• Thomas-Arrigo, L.K., Notini, L., Shuster, J., Nydegger, T., Vontobel, S., Fischer, S., Kappler, A. & Kretzschmar, R. (2022) Mineral characterisation and composition of Fe-rich flocs from wetlands of Iceland: Implications for Fe, C, and trace element export. Science of the Total Environment 816, 151567. https://doi.org/10.1016/j.scitotenv.2021.151567
  • Shuster, J., Rea, M.A.D., Etschmann, B., Brugger, J. & Reith, F. (2018) Terrace iron formations: Biogeochemical processes contributing to microbial biomineralization and microfossil preservation. Geoscience 8, 480. https://doi.org/10.3390/geosciences8120480


  • EARTHSCI 3369B: Geomicrobiology
  • INTEGSCI 1001X: Exploring Science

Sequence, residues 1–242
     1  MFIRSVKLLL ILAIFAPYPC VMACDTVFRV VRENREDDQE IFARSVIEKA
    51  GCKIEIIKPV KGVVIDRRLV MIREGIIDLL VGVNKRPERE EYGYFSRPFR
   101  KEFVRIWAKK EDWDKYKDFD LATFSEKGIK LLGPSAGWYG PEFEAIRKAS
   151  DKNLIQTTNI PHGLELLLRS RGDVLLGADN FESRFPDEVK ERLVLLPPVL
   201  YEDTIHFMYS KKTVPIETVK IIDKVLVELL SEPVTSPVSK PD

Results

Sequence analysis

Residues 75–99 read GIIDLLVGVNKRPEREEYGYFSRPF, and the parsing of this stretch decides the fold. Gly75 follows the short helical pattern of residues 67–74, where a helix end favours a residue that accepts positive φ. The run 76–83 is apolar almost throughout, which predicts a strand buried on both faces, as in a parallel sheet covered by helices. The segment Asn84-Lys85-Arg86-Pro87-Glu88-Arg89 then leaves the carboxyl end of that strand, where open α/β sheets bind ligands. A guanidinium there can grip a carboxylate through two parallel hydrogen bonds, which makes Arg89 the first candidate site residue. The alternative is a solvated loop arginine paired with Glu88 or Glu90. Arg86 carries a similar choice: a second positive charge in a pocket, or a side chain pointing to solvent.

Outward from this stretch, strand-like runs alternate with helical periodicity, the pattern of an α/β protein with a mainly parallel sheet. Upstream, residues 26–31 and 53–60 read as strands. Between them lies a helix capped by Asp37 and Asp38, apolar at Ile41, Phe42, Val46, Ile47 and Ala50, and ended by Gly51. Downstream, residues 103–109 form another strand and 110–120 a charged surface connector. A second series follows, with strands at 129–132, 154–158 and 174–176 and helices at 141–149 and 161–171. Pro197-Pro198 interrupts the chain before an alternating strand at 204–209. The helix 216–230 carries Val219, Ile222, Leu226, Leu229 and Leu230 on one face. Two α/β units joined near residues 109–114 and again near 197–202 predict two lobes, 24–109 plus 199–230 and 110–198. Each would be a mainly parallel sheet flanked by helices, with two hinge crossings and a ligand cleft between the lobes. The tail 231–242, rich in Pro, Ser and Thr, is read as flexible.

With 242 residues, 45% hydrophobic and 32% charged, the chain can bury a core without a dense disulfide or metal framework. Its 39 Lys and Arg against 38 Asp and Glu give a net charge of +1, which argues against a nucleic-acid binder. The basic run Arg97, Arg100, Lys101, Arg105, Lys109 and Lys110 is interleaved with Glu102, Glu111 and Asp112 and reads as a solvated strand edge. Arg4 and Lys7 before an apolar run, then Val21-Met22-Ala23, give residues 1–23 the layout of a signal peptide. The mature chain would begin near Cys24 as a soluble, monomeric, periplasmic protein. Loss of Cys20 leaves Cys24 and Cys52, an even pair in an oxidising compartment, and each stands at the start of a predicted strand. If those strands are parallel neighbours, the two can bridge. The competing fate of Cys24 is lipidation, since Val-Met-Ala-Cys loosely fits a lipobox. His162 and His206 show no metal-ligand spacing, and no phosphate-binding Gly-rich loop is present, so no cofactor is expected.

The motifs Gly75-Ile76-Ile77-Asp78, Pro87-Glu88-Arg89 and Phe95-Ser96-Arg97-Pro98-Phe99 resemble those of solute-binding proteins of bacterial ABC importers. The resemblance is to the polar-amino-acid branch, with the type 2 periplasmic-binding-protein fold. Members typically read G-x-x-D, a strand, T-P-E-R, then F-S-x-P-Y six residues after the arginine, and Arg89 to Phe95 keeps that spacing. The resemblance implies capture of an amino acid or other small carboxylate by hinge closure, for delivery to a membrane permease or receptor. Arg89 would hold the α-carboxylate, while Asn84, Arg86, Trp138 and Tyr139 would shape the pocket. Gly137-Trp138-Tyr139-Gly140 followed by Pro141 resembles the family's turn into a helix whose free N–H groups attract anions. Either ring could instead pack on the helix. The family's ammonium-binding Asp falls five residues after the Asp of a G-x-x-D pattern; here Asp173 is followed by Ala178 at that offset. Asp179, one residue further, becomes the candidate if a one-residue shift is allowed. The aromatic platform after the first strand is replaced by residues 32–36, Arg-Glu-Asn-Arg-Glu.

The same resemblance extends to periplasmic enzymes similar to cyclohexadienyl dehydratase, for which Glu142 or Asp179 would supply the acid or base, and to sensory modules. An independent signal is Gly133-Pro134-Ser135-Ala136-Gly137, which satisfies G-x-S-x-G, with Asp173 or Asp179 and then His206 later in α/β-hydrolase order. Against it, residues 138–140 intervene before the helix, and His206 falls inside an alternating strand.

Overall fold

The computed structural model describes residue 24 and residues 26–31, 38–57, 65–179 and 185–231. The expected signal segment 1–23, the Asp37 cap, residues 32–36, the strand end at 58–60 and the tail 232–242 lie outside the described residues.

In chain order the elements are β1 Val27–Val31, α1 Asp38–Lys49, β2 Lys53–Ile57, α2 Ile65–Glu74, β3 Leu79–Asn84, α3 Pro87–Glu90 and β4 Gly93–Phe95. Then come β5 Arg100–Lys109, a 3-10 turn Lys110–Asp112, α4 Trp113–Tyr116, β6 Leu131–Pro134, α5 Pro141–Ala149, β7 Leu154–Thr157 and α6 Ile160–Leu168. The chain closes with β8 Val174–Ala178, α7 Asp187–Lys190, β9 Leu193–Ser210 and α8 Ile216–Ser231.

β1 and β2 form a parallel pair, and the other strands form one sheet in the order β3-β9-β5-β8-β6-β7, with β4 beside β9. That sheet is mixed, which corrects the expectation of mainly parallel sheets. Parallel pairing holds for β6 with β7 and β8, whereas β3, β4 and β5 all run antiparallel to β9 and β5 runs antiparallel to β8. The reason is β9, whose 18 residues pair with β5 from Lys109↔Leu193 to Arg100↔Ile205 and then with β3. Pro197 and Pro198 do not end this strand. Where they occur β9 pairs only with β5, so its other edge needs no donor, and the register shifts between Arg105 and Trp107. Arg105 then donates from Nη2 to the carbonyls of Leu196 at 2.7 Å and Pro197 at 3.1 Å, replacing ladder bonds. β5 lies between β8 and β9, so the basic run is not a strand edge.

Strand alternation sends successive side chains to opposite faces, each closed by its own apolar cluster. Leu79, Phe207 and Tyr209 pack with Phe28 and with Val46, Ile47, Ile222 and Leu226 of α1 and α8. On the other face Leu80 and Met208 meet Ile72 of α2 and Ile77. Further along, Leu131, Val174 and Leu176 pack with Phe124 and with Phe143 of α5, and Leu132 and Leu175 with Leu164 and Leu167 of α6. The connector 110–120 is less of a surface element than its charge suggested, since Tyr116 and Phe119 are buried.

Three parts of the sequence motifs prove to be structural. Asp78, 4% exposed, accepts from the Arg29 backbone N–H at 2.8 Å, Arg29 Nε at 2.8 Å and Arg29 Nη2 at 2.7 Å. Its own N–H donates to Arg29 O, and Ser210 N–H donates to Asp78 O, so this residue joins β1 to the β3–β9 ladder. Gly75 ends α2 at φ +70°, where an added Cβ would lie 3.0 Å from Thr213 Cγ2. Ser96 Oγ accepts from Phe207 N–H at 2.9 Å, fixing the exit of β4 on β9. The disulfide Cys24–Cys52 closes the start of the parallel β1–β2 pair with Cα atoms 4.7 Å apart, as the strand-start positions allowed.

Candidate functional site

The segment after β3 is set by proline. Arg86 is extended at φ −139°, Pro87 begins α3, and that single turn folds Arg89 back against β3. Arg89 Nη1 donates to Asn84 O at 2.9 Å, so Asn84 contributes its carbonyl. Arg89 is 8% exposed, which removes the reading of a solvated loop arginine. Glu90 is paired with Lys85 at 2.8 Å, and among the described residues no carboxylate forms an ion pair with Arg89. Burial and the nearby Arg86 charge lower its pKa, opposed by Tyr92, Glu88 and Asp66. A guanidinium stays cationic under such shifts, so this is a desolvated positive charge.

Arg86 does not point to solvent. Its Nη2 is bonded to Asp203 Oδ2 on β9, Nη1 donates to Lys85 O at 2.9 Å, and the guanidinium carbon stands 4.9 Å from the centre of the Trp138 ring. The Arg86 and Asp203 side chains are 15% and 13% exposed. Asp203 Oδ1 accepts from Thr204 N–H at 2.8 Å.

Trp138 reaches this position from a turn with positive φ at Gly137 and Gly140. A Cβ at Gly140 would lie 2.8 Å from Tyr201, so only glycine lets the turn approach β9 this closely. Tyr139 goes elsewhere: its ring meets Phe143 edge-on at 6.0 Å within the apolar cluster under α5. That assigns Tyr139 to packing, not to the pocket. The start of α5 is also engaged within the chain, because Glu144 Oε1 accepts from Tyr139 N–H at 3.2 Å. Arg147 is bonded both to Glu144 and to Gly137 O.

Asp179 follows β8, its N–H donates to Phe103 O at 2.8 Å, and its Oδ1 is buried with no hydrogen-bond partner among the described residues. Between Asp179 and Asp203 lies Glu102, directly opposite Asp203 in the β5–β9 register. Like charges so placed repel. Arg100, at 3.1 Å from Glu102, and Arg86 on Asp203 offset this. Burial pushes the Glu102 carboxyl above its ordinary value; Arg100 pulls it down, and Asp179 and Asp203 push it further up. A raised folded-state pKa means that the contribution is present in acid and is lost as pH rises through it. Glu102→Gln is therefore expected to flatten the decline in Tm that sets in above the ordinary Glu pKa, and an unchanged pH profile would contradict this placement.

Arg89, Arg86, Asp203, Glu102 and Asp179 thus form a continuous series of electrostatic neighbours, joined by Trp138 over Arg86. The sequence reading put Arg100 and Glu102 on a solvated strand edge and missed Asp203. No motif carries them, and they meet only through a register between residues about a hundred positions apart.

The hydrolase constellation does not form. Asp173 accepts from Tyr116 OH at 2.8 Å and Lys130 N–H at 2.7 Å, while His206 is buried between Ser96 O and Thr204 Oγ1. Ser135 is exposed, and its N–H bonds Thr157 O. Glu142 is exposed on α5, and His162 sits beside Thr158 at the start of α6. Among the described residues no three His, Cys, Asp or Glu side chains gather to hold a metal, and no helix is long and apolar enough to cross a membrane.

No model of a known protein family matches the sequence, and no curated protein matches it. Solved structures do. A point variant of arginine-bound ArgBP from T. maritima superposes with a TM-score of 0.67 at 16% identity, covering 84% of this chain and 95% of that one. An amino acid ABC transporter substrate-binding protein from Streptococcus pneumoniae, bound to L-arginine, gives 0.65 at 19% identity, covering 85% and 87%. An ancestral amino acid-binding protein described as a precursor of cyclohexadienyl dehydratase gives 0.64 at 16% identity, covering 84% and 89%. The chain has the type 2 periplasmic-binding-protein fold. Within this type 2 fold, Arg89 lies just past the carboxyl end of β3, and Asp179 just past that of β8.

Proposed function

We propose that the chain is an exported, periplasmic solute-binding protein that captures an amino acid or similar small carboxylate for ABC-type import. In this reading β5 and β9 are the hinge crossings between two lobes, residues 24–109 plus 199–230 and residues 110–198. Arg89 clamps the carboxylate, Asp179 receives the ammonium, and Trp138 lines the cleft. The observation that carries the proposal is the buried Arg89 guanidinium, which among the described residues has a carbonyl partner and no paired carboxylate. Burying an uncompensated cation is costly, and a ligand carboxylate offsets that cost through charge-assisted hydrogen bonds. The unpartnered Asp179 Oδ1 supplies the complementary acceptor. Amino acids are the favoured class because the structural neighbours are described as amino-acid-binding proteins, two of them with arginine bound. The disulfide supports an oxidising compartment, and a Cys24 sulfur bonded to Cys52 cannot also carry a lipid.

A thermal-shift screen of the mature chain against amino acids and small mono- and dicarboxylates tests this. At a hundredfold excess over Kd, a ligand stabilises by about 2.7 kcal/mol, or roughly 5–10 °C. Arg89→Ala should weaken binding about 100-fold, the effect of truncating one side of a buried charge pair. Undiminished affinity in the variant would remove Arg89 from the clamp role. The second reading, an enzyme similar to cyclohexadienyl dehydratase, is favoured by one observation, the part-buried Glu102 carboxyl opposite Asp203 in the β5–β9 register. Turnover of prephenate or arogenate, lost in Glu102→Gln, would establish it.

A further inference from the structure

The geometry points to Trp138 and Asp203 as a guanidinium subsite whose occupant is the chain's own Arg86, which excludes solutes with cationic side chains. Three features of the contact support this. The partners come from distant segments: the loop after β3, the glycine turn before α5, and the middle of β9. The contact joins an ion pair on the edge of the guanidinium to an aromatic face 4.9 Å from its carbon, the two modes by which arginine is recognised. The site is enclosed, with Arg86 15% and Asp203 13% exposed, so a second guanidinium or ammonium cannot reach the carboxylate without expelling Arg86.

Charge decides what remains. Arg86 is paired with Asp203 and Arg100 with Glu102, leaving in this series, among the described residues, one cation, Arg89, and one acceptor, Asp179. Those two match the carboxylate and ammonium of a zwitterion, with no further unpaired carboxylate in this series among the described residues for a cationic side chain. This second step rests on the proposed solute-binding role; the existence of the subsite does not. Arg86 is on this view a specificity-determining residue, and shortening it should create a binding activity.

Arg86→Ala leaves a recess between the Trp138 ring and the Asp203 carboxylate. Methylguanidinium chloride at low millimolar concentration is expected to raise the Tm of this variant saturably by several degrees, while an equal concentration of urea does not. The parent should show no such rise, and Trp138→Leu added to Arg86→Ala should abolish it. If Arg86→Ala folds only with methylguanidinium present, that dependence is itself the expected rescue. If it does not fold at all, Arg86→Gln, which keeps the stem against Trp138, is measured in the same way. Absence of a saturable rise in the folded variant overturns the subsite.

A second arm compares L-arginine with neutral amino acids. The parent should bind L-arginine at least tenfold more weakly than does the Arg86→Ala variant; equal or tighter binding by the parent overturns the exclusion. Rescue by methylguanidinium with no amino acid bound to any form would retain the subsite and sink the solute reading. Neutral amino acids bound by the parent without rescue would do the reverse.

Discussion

Future Students

I have worked in three different university systems: Canadian, Australian, and German. While there are commonalities, these experiences have also helped me identify strengths and weaknesses in the differing approaches to student education and training. I strongly support vocational elements of student-led research projects. Therefore, I am looking for students who are independent (within guidance) and keen to develop their practical skills. With my supervision and mentorship, students will typically be required to collect their own data, perform their own data analysis, and synthesize results to develop sound interpretations. If you have any questions or interest in potential undergraduate or graduate research opportunities, please email at jshuste3@uwo.ca. Additionally, as a biracial member of the 2SLGBTQIA+ community, I value respect, equity, diversity, and inclusion in my laboratory. In my research group, we work together as a team to support the goals of each member.